Another Excellent Personal Statment By A Schuler Scholar
It took Julio along time to write this essay. Perseverance paid off. He wrote a number of other essays on a few other topics, but this story kept coming up in discussions with his coaches and counselors. Since then, Julio has been profiled in a local magazine for his work at the farm. He is currently a sophomore at Colgate University in New York State. My biggest advice, write what you know.
The basil, beets, and beans greet me as I make my way across the farm to the shed where I begin my first task of the day: take out the white board. I decide to take the middle path back, so that I can pass the sugar baby watermelons that my crew and I planted. There they are, small and almost ripe. I remember planting the bean-sized seeds just a month ago. I think it’s amazing to see the kind of fruit a farmer can reap with a little patience and hope. Hope, because we don’t use any harmful fertilizers. We let nature take its course, the way it should be. The breeze in the air makes their leaves move as if they are acknowledging me, and I think about how well they are going to sell at our next farmer’s market, where the bridge between the consumer and the producer (something our country lacks right now) is built. There is no fine print, especially not at the farmer’s market where I work. We set up literally just outside the farm’s gate. I’ve never been to a grocery store where I was able to meet the person who handled my food.
Now, I’m not the kind of person who only buys organic foods that are in-season and who avoids any kind of fast food place in order to boycott the conventional food system (at least not yet), but I am passionate enough to have spent three of my summers working on an organic farm that has provided me with the opportunity to speak to low income families about the importance of local fresh food and to be living with a dad who has raised a turkey, a goat, rabbits, and chickens in my backyard. The latter two continue to occupy my backyard. As I continue down the middle isle, I pass the cucumbers that I can tell got up early to fight off cucumber beetles. I help them out by removing and killing some with my hands. That’s the thing about organic farming; although it can be time consuming, it makes the farmer get to know and work with the plants intimately. I like that. I like knowing how my food is grown and what is on it.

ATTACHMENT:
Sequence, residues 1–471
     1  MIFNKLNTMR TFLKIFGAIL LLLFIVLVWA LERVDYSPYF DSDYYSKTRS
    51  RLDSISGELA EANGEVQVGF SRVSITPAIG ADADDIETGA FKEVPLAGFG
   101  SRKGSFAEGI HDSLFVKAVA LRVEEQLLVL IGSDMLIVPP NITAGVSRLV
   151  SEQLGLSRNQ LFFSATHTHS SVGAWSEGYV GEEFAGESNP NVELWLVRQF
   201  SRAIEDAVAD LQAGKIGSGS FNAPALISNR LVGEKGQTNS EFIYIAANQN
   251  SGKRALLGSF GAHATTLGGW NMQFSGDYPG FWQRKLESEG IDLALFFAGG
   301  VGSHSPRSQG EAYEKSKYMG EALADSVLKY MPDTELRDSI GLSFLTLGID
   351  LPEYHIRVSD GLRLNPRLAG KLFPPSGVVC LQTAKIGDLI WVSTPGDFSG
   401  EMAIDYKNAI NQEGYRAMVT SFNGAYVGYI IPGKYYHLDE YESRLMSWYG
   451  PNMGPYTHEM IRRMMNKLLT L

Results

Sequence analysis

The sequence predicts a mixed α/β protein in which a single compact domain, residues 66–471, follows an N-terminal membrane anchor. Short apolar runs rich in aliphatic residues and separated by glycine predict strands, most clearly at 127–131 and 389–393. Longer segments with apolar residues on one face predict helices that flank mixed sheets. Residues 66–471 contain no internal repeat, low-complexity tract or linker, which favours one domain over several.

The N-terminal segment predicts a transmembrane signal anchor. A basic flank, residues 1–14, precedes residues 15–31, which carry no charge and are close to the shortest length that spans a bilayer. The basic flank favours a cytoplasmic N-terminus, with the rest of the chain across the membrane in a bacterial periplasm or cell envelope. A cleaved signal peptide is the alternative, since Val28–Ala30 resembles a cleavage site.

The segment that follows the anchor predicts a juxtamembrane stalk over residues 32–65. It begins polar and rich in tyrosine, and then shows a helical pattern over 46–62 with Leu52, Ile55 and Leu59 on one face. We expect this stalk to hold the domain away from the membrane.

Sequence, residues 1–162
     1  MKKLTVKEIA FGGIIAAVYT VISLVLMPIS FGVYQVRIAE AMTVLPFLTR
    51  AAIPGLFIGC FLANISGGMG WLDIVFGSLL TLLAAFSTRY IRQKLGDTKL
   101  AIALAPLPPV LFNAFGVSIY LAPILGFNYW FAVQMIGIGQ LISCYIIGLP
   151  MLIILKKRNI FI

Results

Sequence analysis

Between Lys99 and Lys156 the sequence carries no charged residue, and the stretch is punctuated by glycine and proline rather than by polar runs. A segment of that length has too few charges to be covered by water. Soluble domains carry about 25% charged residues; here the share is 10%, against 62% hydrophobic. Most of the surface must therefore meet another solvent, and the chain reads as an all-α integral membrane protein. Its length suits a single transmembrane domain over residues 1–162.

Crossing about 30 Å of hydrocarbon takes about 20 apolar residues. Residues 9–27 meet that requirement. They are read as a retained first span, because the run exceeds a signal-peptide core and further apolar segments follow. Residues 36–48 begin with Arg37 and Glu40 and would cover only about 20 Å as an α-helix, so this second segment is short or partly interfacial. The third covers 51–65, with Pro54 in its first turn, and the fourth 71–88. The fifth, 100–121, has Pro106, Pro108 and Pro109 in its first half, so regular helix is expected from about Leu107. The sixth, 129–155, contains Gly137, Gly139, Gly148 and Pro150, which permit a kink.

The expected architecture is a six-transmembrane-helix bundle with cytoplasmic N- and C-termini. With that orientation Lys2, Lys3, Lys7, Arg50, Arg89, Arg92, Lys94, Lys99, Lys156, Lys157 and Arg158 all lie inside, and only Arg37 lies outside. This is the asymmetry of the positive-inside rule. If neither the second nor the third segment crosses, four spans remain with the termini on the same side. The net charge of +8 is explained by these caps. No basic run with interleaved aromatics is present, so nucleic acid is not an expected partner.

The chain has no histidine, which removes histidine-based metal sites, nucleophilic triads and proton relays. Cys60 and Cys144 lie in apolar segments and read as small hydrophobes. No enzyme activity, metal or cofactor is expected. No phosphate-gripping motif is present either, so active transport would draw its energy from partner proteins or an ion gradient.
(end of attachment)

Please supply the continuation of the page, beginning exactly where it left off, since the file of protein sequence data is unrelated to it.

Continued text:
The breeze picks up the strong smell of dewy cilantro from the bed opposite the cucumbers, and its scent reminds me of the revelation I had a couple weeks ago regarding organic chicken farming. Before my eye-opening experience, I used to be a little embarrassed at the fact that my dad raised chickens in my backyard. I couldn’t get used to the fact that I could walk outside of my house on any given day and see a chicken pecking away at the ground. What would the neighbors think? What bothered me most was that he even went as far as to use some of the eggs, whose size and color made me wonder if my dad’s chickens were “special”, in the food I ate. I felt that because the eggs would come out a different color and the yoke was darker that my dad was not raising the chickens correctly. I thought it was unsanitary. I thought this especially because of the way he wouldn’t keep them locked up in their little coop all day (something I am strongly against now), but instead let them roam around the yard picking at the grass and bugs and not lock them up again until the evening- something I would come to appreciate a year later.
One evening, I even refused to eat what my dad had made because he used the eggs from his chickens. I left my meal at the table and started doing some individual research, attempting to find something on the internet that would support my negative position on what I found out to be organic chicken farming. It turned out that the way my dad was raising his chickens was just fine, but I didn’t say anything. I just sat back down and finished my meal.
A couple months after that experience, I had a conversation with a nutritionist who works with me at the farm. This is where the revelation takes place. We were discussing the difference in sustainable and conventional agriculture. It was then that I learned of the cruelty involved in conventional chicken farming and the health benefits of organic chicken farming. It made me appreciate the work my dad does.
Once again the breeze picks up and sends a whiff of bagels and cream cheese my way. It’s Monday. The Monday volunteer always brings us bagels. I hurry over to the tent where I put down the whiteboard and enjoy a bagel before I lead my crew in the day’s task.